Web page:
Vietnam is a popular destination for Australians and in normal times we travel there a lot. With a flight time of less than nine hours between Sydney and Ho Chi Minh City, we regard it and South-East Asia generally as almost local compared with the much longer journey times to other continents.
I’m of a generation that finds it hard not to call this city Saigon, but whichever name it goes by it has, in my opinion, lost a lot of its old colonial charm. Parts of the metropolis resemble any other big city and at least one of its grand old colonial hotels is now little more than a giant wedding venue. English author and Saigon aficionado Graham Greene must be turning in his grave.
That said, there is still much of interest to see in Ho Chi Minh City and its history alone begs a visit. The city is a maelstrom of people and traffic and navigating through it can be a nightmare. But there are rewards in the many examples of beautiful French colonial architecture including the People’s Committee Building, Central Post Office and the Municipal Theatre (Saigon Opera House).
Pictured below is the former Presidential Palace – now known as Independence Palace or Reunification Palace – where the first communist tanks arrived on 30 April 1975 and crashed through the original wrought-iron gates – a scene shown countless times on newsreels.
Hotel Continental, the Rex (my favourite), the Majestic and the Caravelle are among Saigon’s grand old colonial hotels. Indulge in a drink at the Rex Hotel’s Rooftop Garden Bar, from where you can gaze out over the city. Opposite the Hotel Continental is the Vincom Centre, a bastion of international consumerism with more than 250 shops and multiple food outlets. It is the city’s largest shopping mall.
Bến Thành Market is located in the centre of the city in District 1 and is a hugely popular attraction. The market is one of the earliest surviving structures in Ho Chi Minh City and an important symbol of the city. It operates all year round and opens at around 6am every day until the official closing time of 6pm, after which it converts into a night market that runs until 10pm.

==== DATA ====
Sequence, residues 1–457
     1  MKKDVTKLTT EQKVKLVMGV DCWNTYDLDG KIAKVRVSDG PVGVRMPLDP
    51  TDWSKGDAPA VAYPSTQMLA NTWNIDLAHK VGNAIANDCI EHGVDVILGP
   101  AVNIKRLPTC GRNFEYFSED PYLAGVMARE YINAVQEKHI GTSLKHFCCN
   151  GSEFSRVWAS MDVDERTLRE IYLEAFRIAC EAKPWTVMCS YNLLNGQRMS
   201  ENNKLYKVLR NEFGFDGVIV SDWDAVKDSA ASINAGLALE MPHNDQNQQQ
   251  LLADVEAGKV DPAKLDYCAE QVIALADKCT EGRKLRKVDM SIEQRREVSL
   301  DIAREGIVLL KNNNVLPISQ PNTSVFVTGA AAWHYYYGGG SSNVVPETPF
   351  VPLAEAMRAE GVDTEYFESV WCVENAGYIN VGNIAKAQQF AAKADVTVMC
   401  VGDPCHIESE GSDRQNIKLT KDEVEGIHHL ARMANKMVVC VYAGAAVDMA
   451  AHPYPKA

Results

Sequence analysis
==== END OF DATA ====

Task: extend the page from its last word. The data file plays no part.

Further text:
A rickshaw or “cyclo” ride around Cholon in District 5 will get you up close and personal with one of the city’s old quarters. Cholon lies on the west bank of the Saigon River with Bình Tây Market as its centrepiece. By contrast the Bitexco Financial Tower in the city centre can hold its own with any big-city skyscraper and it affords spectacular views from its Sky Deck.
An hour’s drive or 45 kilometres north-west of Ho Chi Minh City are the Cu Chi tunnels, a must-see attraction for military history buffs. Communist forces began digging the first of these tunnels beneath the jungle in the late 1940s, during their war of independence from French colonial authority.
In the early 1960s, as the United States began escalating its military presence in Vietnam and Australia joined the war, North Vietnamese and Viet Cong troops gradually expanded the tunnels. They were used to launch guerrilla attacks and as shelter from the aerial bombing, and eventually grew to house entire underground villages.
At the peak of the Vietnam War, the network of tunnels linked Viet Cong support bases over a distance of some 250 kilometres, from the outskirts of Saigon all the way to the Cambodian border.
There are two display sites where you can descend and crawl through the tunnels, but don’t attempt it if you are claustrophobic. There is also a rather noisy shooting range onsite and a restaurant.
The Mekong Delta
While in Ho Chi Minh City it is worth taking a boat ride along the Mekong River to witness the way of life along the river banks and visit the floating markets.
Cai Rang is the largest floating market in the delta and it can be reached from the city of Can Tho, about 170 kilometres south-west of Ho Chi Minh City. Be prepared to start early as the floating markets open around dawn and are all over by mid-morning, before it gets too hot.
Photos ©Judy Barford